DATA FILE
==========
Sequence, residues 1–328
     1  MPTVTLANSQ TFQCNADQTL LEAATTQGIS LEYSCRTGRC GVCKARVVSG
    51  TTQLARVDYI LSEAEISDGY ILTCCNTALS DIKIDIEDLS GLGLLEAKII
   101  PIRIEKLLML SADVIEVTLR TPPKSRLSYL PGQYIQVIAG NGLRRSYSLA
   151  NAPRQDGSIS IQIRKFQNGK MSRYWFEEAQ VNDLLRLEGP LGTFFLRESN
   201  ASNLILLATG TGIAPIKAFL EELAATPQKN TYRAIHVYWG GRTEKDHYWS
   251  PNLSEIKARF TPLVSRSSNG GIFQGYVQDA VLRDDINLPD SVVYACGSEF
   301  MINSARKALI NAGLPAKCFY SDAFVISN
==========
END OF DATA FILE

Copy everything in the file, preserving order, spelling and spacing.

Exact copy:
Sequence, residues 1–328
     1  MPTVTLANSQ TFQCNADQTL LEAATTQGIS LEYSCRTGRC GVCKARVVSG
    51  TTQLARVDYI LSEAEISDGY ILTCCNTALS DIKIDIEDLS GLGLLEAKII
   101  PIRIEKLLML SADVIEVTLR TPPKSRLSYL PGQYIQVIAG NGLRRSYSLA
   151  NAPRQDGSIS IQIRKFQNGK MSRYWFEEAQ VNDLLRLEGP LGTFFLRESN
   201  ASNLILLATG TGIAPIKAFL EELAATPQKN TYRAIHVYWG GRTEKDHYWS
   251  PNLSEIKARF TPLVSRSSNG GIFQGYVQDA VLRDDINLPD SVVYACGSEF
   301  MINSARKALI NAGLPAKCFY SDAFVISN